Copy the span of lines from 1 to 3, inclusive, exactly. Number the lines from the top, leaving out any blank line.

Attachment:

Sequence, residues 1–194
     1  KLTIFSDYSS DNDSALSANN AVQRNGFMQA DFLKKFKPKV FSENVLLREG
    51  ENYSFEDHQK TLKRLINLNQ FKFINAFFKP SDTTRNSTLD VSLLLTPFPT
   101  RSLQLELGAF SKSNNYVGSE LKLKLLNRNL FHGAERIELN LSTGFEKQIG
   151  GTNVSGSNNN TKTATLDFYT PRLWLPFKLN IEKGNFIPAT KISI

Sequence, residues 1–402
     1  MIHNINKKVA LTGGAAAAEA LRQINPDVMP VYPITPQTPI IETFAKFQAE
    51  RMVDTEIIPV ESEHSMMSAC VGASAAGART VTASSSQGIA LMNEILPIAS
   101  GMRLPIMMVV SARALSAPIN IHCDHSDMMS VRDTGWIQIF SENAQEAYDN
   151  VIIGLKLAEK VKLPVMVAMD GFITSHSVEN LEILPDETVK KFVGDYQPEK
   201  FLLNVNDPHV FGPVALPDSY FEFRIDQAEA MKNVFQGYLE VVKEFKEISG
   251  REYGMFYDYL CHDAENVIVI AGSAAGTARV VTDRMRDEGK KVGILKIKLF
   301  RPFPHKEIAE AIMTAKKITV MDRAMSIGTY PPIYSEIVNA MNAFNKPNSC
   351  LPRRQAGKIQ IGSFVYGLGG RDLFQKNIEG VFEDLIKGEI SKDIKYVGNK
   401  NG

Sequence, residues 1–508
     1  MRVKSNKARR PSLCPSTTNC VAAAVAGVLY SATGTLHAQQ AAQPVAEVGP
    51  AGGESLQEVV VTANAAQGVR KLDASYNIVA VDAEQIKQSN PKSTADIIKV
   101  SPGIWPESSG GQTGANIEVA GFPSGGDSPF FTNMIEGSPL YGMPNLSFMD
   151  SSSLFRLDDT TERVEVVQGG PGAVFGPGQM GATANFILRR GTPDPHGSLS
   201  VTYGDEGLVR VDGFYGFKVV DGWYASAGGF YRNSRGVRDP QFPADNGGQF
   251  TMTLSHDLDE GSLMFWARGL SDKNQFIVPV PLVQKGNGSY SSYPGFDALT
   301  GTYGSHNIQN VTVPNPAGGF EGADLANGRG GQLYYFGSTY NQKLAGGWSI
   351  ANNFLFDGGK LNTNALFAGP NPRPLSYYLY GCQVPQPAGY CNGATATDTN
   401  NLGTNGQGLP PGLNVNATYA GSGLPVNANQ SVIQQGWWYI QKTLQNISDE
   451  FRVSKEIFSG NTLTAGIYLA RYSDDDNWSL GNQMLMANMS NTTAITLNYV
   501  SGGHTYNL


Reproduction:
Sequence, residues 1–194
     1  KLTIFSDYSS DNDSALSANN AVQRNGFMQA DFLKKFKPKV FSENVLLREG
    51  ENYSFEDHQK TLKRLINLNQ FKFINAFFKP SDTTRNSTLD VSLLLTPFPT